ELL News Headlines

Throughout the week, Colorín Colorado gathers news headlines related to English language learners from around the country. The ELL Headlines are posted Monday through Friday and are available for free!

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Undocumented Teachers Shielded by DACA in Legal and Emotional Limbo

Nearly 100 undocumented Teach For America members who have work permits through Deferred Action for Childhood Arrivals, or DACA, are currently teaching nearly 6,000 students across 11 states. Amid the uncertainty about DACA’s future, TFA is offering free legal assistance to its members and its 46 alums who are also DACA protected.  In the meantime, TFA has already accepted close to 40 undocumented corps members for next school year. But if DACA is repealed without a replacement, the organization will have to put off assigning them to work in a school. Corps members need valid work permits and the ability to work at least two full school years, spokeswoman Kathryn Phillips said.

Relationships Matter in Recruiting Latino Students

Many community colleges across the country have seen growing populations of Latino and Hispanic residents in their regions. But that growth often hasn’t translated to increases in Hispanic enrollment on their campuses, especially as overall enrollments decline in a largely recovered economy. Like Southcentral Kentucky, some colleges are learning that the key to reaching out to Latino students, in particular, requires more personal effort than just college fairs or new advertising.

Sesame Street Plans Social-Emotional Learning Program for Refugee Children

The Sesame Workshop hopes the friendly faces of Sesame Street characters will help refugee children navigate the complex social and emotional effects of trauma and displacement. The organization is teaming with the International Rescue Committee, a global humanitarian organization, to "deliver transformative early learning and social-emotional support to millions of refugee children in Jordan, Lebanon, Iraq, and Syria," it said in a news release Thursday.

Supporting English-Language Learners in Science (Video)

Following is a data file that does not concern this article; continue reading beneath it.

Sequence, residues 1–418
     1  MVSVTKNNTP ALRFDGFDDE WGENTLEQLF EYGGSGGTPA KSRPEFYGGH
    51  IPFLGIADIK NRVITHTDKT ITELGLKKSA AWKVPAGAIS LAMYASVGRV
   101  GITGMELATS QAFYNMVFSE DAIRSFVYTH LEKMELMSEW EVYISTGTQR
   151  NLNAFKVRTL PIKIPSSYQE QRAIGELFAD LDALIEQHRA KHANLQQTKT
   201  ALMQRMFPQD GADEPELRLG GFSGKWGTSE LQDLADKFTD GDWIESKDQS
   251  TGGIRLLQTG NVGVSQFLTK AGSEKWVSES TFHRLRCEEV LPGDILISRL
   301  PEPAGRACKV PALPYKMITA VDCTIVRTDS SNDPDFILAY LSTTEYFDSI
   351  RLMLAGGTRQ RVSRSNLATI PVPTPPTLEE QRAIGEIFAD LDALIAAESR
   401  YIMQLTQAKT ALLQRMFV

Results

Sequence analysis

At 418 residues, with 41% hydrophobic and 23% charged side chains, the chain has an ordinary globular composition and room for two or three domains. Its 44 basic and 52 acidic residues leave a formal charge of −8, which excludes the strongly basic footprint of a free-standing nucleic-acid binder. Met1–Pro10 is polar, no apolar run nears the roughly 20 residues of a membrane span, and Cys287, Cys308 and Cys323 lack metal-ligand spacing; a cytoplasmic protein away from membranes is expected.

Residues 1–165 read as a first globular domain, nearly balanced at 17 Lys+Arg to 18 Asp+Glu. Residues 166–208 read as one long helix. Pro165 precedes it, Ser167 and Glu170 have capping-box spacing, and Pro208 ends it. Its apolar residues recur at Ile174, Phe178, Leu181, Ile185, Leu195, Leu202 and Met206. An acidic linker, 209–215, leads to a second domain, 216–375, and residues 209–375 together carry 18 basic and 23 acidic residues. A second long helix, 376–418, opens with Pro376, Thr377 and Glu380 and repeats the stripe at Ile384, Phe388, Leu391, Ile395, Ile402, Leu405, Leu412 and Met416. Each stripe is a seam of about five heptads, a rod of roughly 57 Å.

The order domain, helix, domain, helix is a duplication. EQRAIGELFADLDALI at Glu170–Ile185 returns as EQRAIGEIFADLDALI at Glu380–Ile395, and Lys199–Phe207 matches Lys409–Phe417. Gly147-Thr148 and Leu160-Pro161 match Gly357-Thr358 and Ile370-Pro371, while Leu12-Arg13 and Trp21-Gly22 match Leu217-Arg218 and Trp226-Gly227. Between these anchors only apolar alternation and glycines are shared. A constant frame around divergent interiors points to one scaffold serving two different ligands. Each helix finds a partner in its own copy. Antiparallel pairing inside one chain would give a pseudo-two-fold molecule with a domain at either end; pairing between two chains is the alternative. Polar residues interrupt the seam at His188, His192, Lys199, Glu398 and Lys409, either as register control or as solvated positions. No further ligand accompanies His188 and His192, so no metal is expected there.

Anna Dearlove, a 2nd grade teacher at Glen Park Elementary School in San Francisco, introduces academic language to prepare English-language learners for their science investigations. Students work in pairs and make claims about variations in plants and animals.

Scientists Take on New Roles in K-12 Classrooms

As schools work to implement the Next Generation Science Standards, practicing scientists are also rethinking how they work with schools to advance understanding of their field. The National Board on Science Education, part of the National Academies of Science, brought together science educators and members of professional science groups like the American Chemical Society last month to discuss guidance for developing partnerships between scientists and teachers.

'Juntos' Program Preparing Latino Students for High School and Beyond

It's Sunday afternoon and a half dozen middle school students are gathered with their parents for a class in the basement at Olivet Presbyterian Church and Mission in Cedar Rapids. This is "Juntos" — or "Together" — a class offered by Iowa State University Extension that aims to teach Latino families how to navigate Iowa's school system and students how to be successful in high school and beyond.

AFT President Urges Big-City Mayors to Shield Immigrant Students, Families

Randi Weingarten, the president of the American Federation of Teachers, is calling on the nation's big-city mayors to set up safe havens for immigrants after federal agents arrested nearly 700 undocumented residents in a series of raids conducted over the past week. Child advocates say the recent immigration sweeps and future actions on immigration policy by the Trump administration could disrupt home lives, separate families, and have a "chilling effect" on children and communities.

City Leaves Spanish-Speaking Parents in Dark About Lead Levels for a Week

The Department of Education waited more than a week to send home a letter to Spanish-speaking parents at a dual-language Inwood school about their water's lead levels found during a recent test — blaming the principal for not asking for a translated version. On Feb. 6, parents at the P.S./I.S. 176 campus, which houses Muscota New School and Amistad Dual Language School at 4862 Broadway, got a letter in their children's backpacks that the school had shown elevated levels of lead in a dozen water samples taken from classrooms, bathrooms, kitchen faucets and water fountains — including some as high as 450 times the federal threshold. The letter was written in English — despite the fact that Amistad is a dual-language school and that many parents and students at Muscota speak Spanish.